Under an agreement involving local enforcement of federal immigration laws, Shefirr Joe Arpaio’s deputies will no longer have the authority to arrest suspected illegal immigrants in the streets in the course of their duty.

Unlike other participating in the program, Mr. Arpaio will be restricted to determining the immigration status of inmates booked into Maricopa county jails.

…Homeland Security Secretary Janet Napolitano ordered a comprehensive review of the 287g program shortly after taking office.

So the Feds are arbitrarily defining police powers in local jurisdictions. Hhhmmmmm

Page A5

Violent Deaths Shock Chicago Into Action

…Derrion Alberts, 16 years old, was beaten to death seven blocks from his school last month. A recording of the attack was posted online and widely viewed.

…Between September, 2008, and September, 2009, 398 Chicago students were shot…

…In response to the violence, Chief Executive Officer of Chicago Public Schools…announce a safety and security strategy that will target nearly 10,000 high-school students identified as at risk of becoming shooting victims. The project will connect some of them with mentors and part-time jobs in hopes of keeping the teens off the streets. The $30 million annual cost will be paid for by federal stimulus grants.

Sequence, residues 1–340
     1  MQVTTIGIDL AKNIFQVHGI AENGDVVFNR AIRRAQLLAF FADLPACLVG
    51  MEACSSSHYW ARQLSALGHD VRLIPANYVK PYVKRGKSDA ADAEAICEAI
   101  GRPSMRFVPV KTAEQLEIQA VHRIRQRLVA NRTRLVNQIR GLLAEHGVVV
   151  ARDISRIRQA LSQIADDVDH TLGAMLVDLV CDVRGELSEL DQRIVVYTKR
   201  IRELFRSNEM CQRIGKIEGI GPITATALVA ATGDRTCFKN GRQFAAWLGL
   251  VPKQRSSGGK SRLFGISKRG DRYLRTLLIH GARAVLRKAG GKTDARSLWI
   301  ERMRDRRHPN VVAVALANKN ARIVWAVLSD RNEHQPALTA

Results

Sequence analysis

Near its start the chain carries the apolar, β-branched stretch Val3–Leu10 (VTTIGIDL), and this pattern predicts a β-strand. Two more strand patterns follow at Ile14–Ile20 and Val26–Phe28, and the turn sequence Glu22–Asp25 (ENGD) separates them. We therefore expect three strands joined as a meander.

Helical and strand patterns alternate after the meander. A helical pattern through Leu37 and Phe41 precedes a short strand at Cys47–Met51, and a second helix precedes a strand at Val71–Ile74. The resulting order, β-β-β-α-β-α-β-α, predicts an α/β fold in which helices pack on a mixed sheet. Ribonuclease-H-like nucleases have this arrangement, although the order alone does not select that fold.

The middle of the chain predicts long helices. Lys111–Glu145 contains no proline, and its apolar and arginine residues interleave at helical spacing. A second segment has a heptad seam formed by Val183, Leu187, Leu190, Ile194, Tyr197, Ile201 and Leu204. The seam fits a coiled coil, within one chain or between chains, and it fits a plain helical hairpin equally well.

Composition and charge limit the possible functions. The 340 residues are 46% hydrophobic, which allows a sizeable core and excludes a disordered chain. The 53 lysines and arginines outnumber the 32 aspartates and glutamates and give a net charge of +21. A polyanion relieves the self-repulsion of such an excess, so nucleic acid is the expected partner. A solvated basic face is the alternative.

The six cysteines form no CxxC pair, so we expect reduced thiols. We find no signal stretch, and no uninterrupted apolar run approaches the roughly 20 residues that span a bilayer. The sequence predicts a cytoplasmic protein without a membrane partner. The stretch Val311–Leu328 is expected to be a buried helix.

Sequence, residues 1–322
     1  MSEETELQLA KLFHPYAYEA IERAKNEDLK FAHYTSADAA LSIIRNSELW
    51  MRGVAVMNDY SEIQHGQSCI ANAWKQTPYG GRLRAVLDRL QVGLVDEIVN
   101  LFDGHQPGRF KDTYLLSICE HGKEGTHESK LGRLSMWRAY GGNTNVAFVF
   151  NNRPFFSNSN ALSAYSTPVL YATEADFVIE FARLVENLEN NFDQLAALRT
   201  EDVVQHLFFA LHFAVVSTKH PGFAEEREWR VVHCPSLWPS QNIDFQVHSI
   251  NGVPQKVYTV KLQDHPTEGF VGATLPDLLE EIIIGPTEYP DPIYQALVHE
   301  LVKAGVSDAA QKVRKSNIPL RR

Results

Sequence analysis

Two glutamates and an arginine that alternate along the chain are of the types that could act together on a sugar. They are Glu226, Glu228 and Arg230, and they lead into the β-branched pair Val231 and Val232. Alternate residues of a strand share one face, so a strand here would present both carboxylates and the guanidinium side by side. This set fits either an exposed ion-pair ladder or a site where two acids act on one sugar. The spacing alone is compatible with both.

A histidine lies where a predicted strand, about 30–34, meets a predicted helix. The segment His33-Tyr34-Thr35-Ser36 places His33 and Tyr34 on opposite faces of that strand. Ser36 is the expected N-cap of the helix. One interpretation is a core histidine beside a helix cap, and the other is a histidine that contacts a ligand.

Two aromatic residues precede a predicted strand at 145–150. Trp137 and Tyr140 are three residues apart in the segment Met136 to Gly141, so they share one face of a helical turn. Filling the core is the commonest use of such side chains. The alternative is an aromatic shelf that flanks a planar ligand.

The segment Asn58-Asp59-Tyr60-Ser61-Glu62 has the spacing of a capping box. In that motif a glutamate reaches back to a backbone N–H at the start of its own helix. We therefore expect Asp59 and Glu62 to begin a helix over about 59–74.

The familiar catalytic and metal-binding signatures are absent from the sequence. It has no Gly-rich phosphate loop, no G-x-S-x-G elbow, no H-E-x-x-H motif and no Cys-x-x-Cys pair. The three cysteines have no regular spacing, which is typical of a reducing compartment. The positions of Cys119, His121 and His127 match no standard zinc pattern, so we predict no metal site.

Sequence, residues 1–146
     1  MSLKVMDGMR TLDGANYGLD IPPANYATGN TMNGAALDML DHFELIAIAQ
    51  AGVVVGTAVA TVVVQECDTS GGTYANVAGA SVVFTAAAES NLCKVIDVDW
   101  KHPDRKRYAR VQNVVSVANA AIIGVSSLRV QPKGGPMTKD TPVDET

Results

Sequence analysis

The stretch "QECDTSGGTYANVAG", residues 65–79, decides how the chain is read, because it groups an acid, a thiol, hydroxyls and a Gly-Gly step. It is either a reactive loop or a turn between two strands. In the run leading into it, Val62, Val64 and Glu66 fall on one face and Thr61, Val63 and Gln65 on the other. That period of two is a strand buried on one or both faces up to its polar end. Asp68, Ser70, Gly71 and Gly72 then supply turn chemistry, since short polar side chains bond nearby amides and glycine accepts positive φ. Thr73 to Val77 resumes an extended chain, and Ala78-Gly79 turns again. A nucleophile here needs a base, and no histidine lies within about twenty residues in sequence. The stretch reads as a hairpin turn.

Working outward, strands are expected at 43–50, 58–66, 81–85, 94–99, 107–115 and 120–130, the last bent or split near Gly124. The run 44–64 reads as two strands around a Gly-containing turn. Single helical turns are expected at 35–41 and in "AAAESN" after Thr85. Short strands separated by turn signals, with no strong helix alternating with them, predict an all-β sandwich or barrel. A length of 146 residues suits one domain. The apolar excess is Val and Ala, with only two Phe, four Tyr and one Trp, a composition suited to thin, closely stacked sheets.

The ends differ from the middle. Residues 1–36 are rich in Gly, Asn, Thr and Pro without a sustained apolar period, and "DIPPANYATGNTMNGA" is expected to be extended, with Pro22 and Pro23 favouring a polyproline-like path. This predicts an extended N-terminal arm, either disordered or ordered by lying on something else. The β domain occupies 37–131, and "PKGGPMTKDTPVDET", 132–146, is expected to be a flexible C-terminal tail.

Stimulus grants for shovel ready projects? For infrastructure? Already committed, just not spent? Sounds like there is a pool of money sitting in a secret vault in Washington where certain social goals can be funded, regardless of their stimulatory (or not) effects.

FAA Stimulus Recipients Got Low Priority Ratings

More than $270 million in stimulus grants awarded by the Federal Aviation Administration have gone to projects that scored below the agency’s own threshold for weeding-out low-priority proposals…

The FAA typically steers grants to projects scoring above 41 on a scale from 1 to 100. For stimulus grants, the FAA raised the threshold to 62.

See above. This stinks, to me, of earmarks. Yet again, our elected officials cannot resist the urge to plunder our national wealth to reward their parochial minions.

From this man’s perspective, we have not learned from the lessons of the economic collapse.

Santayana was right…